This activity works itself up to chi-square goodness of fit tests (which, when I gave out this activity, we had not actually covered). Along the way we covered:
  • relative frequency tables
  • sample design, including
    • voluntary response sample
    • convenience sample
    • simple random sample
    • cluster sampling
    • stratified sampling
    • multistage sampling
  • collecting a sample and creating frequency and relative frequency tables
  • displaying categorical data with pie charts and bar graphs
  • two-way tables
  • marginal and conditional distributions
  • sampling distribution of sample proportions
  • confidence intervals for population proportions
  • 1 proportion z tests
  • Chi-square GOF tests
Activity 2 – Starbursts
This activity centered around a claim that the proportion of orange Starbursts is the same as the the proportion of orange skittles. We had never done 2-proportion z-tests, so the activity spends a lot of time walking through the logic of them and reviewing symbols and their meaning.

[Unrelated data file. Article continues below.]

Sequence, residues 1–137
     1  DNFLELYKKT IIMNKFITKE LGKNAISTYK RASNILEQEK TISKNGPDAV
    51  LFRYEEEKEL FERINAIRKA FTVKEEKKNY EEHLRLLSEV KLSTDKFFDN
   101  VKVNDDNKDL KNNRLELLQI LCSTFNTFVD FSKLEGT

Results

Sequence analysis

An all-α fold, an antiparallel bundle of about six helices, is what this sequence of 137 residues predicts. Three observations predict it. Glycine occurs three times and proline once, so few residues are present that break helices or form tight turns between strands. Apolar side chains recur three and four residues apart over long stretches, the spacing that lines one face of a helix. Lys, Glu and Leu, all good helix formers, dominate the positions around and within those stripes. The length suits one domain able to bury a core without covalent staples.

• power of a test
  • calculating power (as an exercise in reviewing tests and CIs)
  • 1-proportion z tests (again)
  • 2-proportion z-tests
Activity 3 – M&Ms
In this one, we introduce quantitative data by measuring the mass of the M&Ms, while also reviewing some categorical data.
  • gathering data
  • review chi-square GOF with several possible distributions and sample sizes (exploring power, etc, along the way)
  • check percentage of actual rejected hypotheses against alpha
  • represent quantitative data visually and use SOCS
  • confidence interval for sample means
  • effect of sample size and alpha on power
  • 2-sample mean t-test
I honestly don’t know if this sort of long-range, vertical review is better than more traditional review or learning, but the students seem more engaged then I was getting them before, and I think they are grasping some of the big-picture conceptual things better than before, at least, which is satisfying for all of us. No idea if it will translate to AP scores.